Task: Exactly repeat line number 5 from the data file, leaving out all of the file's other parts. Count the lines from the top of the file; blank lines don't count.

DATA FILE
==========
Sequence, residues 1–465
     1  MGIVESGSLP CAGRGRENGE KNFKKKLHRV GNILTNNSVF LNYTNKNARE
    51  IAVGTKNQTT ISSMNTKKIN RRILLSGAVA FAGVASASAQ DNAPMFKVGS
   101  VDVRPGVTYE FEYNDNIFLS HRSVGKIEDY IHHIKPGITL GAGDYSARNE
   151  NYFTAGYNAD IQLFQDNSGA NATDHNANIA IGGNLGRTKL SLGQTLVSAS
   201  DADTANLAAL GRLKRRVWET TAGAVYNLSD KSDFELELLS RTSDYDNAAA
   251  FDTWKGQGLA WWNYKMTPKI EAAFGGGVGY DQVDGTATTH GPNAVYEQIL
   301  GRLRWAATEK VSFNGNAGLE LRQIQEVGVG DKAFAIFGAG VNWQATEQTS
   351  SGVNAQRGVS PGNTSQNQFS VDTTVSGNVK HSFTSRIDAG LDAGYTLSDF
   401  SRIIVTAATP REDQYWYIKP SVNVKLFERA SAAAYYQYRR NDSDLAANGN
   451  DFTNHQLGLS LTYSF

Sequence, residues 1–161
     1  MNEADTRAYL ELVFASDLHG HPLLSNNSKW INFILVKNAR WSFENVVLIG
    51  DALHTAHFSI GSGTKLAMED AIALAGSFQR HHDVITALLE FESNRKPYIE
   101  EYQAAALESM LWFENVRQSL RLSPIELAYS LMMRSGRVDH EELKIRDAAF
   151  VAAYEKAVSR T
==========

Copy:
   151  NYFTAGYNAD IQLFQDNSGA NATDHNANIA IGGNLGRTKL SLGQTLVSAS